I guess this is it. I stopped at what appeared to be an abandoned apartment building. I laughed a little wondering why I would ever want to live in a place that looked so run down.
“I haven’t seen you here in days, dude”, a scruffy looking young man said as he walked out of the building.
“Um yea…” I replied.
“You had a lot of boxes piling up in the mailroom so I put it in front of your door, if that’s cool.”
“What’s my apartment number again?”
“207? Come on man, you live right across from me, remember?”
“Yea I remember now”, I nervously smiled, “I just had a wild night and my head’s been feeling a little foggy.”
“I know how that goes!” he laughed and waved goodbye.
A wave of relief washed over me as soon as the conversation ended. I made my way to the second floor of the building and with every step I took closer to my apartment door nervousness crept up my bones. I recognized my apartment door immediately, noticing a large clear garbage bag filled with boxes at the front of it. I searched my pockets hoping I had the key, but sadly no luck. Everyone has a spare somewhere… now where would I put mine? I eyed the door up and down eventually resorting to standing on my bag of boxes to wipe my hand over the top of the doorframe. Bingo. Kept secure under some tape one spare key. I picked at the tape needlessly until I finally freed the key from its binding and shoving it into the lock.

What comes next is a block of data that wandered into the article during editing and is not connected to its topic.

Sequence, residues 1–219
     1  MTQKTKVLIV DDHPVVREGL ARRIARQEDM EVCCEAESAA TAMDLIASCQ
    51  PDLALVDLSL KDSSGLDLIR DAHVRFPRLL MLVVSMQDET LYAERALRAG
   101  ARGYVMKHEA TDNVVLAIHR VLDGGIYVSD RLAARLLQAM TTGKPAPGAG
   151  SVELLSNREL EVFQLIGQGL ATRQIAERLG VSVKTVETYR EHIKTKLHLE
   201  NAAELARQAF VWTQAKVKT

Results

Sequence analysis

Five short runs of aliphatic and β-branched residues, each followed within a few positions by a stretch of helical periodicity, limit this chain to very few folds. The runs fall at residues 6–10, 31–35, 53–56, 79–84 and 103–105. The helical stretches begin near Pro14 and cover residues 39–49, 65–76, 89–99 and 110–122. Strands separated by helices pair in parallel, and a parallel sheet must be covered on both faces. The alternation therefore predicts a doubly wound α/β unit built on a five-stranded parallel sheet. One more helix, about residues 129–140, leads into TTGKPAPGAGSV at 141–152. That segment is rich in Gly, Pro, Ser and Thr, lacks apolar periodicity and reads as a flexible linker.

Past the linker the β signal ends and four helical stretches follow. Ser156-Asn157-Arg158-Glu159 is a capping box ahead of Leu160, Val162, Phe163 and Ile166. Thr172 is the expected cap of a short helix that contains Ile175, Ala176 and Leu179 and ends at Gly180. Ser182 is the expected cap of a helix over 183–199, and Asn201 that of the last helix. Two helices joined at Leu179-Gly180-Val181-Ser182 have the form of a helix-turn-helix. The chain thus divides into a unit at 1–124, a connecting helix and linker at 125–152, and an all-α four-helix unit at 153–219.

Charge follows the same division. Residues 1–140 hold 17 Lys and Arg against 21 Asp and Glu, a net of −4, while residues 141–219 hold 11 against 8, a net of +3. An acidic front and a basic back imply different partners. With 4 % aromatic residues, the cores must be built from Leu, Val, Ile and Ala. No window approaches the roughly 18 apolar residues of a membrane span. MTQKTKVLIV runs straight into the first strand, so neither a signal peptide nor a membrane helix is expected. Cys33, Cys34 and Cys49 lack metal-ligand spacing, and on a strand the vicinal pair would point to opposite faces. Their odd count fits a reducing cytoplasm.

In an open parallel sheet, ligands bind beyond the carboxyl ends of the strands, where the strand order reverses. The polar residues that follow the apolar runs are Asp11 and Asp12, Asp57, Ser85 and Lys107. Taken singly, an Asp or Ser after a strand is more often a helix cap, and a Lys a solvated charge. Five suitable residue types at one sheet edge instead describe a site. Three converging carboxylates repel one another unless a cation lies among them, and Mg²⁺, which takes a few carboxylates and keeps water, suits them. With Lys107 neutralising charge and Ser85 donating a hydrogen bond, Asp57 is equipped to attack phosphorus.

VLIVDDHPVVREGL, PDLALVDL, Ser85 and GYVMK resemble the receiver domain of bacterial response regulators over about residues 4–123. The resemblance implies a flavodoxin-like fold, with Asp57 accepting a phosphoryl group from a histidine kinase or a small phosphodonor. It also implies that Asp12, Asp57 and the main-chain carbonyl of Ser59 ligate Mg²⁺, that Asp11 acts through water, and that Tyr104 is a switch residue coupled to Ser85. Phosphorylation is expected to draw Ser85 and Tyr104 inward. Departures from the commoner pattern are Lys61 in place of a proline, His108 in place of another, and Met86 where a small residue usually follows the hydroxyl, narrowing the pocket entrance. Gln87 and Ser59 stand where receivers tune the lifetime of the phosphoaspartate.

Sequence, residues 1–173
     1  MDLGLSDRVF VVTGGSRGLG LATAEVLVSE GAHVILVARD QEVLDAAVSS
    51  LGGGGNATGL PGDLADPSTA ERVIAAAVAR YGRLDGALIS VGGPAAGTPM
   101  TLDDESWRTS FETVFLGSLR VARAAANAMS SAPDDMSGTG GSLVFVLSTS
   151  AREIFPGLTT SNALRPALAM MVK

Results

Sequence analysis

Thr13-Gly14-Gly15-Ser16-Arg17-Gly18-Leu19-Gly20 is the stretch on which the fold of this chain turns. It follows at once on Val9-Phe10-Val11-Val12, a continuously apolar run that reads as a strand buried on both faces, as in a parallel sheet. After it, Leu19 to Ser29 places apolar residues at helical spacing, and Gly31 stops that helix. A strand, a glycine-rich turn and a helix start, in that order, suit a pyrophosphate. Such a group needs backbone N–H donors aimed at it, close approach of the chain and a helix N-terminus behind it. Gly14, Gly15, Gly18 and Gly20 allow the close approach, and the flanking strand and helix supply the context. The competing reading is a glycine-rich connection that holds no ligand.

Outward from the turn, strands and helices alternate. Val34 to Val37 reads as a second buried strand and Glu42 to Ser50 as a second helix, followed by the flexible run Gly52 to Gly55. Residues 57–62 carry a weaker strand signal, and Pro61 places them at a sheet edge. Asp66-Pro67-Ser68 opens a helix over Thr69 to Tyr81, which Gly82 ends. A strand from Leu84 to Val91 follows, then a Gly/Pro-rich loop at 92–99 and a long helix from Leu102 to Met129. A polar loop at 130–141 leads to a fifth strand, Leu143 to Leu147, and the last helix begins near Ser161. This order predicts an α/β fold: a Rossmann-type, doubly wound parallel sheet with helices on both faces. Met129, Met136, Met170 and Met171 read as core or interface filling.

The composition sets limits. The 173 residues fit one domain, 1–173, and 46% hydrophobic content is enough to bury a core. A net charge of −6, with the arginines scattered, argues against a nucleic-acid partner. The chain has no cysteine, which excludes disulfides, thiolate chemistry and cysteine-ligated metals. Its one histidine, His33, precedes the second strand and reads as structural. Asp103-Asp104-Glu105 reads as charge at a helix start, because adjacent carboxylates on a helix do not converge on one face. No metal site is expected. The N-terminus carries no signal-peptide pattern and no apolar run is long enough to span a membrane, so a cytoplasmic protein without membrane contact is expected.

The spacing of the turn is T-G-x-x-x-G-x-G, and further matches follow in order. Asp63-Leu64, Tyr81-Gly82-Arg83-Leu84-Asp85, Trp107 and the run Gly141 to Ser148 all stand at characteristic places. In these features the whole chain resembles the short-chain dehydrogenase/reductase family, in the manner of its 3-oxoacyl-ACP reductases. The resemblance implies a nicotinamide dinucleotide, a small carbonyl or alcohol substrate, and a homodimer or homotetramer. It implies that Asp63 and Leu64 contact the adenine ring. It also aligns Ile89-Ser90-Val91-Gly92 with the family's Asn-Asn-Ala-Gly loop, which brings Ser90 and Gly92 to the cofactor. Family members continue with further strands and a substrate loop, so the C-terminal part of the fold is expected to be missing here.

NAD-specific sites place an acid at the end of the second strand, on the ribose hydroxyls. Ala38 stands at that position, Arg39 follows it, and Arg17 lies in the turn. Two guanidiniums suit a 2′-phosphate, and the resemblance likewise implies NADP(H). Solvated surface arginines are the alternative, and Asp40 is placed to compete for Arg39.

I dragged the bag of boxes into the apartment and plopped myself onto the bed. My eyes wondered around the room, taking note of everything from the dust collecting on the dying plants on the windowsill to the dirty clothes pilling up in the hamper in the corner of the room. I got up from the bed, deciding to open up some of the packages.
Inside the first one I opened lay a pistol. The second one contained another gun. The third box had a hunting knife. Nausea crashed over me as I pushed all the boxes to the corner of the apartment.
I walked around the room more trying to find traces of who I was. Every draw and cupboard was empty. I darted to the pile of dirty laundry checked every pocket I saw. Bingo. Inside a jacket pocket were two business cards. I examined them and realized that the number on one of them looked familiar. I pulled the wallet I found earlier out of my pocket and took out the sticky-note. I held the note and the card up next to each other and like I suspected the numbers were exactly the same. I dialed the number in my cell and woman with a raspy voice answered the phone.
“Seven! I’ve been waiting for this call all day. What do you want me to do with all these people they’re getting a little angry being away from their homes,” she laughed.
“Who are you?” I asked quietly.
“It’s Number Three! Do I sound different on the phone, sorry about that. Anyway is the plan taken care of? Can we start sending these people back to their houses or what?”
I hung up the phone. My palms began to sweat as I decided to dial the number on the other card.
It rang for what felt like an eternity.
“Hello, Number Seven, we didn’t think we’d be hearing from you again”, the voice said. "Seven? ..."
© Brittanie Allison November 2016
brittanie.allison at yahoo.com